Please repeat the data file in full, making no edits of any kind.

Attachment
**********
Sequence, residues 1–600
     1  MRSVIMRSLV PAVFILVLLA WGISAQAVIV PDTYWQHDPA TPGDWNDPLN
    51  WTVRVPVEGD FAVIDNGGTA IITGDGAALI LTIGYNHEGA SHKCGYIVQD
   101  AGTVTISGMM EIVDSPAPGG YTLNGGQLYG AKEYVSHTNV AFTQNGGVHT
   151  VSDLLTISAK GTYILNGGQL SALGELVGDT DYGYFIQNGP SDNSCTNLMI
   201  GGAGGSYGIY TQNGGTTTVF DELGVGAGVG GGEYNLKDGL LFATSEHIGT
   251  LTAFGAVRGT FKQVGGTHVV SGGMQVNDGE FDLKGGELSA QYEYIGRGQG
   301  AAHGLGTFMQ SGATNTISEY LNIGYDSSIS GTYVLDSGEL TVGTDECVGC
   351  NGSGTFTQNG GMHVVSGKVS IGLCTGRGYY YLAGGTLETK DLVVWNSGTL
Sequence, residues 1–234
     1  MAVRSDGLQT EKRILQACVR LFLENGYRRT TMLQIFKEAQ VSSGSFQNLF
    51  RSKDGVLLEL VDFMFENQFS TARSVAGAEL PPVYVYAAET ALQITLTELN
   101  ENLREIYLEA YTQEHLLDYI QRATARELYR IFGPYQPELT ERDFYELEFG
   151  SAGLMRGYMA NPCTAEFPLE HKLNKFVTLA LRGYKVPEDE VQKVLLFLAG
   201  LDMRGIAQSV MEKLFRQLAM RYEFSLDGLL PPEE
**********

Sequence, residues 1–600
     1  MRSVIMRSLV PAVFILVLLA WGISAQAVIV PDTYWQHDPA TPGDWNDPLN
    51  WTVRVPVEGD FAVIDNGGTA IITGDGAALI LTIGYNHEGA SHKCGYIVQD
   101  AGTVTISGMM EIVDSPAPGG YTLNGGQLYG AKEYVSHTNV AFTQNGGVHT
   151  VSDLLTISAK GTYILNGGQL SALGELVGDT DYGYFIQNGP SDNSCTNLMI
   201  GGAGGSYGIY TQNGGTTTVF DELGVGAGVG GGEYNLKDGL LFATSEHIGT
   251  LTAFGAVRGT FKQVGGTHVV SGGMQVNDGE FDLKGGELSA QYEYIGRGQG
   301  AAHGLGTFMQ SGATNTISEY LNIGYDSSIS GTYVLDSGEL TVGTDECVGC
   351  NGSGTFTQNG GMHVVSGKVS IGLCTGRGYY YLAGGTLETK DLVVWNSGTL
Sequence, residues 1–234
     1  MAVRSDGLQT EKRILQACVR LFLENGYRRT TMLQIFKEAQ VSSGSFQNLF
    51  RSKDGVLLEL VDFMFENQFS TARSVAGAEL PPVYVYAAET ALQITLTELN
   101  ENLREIYLEA YTQEHLLDYI QRATARELYR IFGPYQPELT ERDFYELEFG
   151  SAGLMRGYMA NPCTAEFPLE HKLNKFVTLA LRGYKVPEDE VQKVLLFLAG
   201  LDMRGIAQSV MEKLFRQLAM RYEFSLDGLL PPEE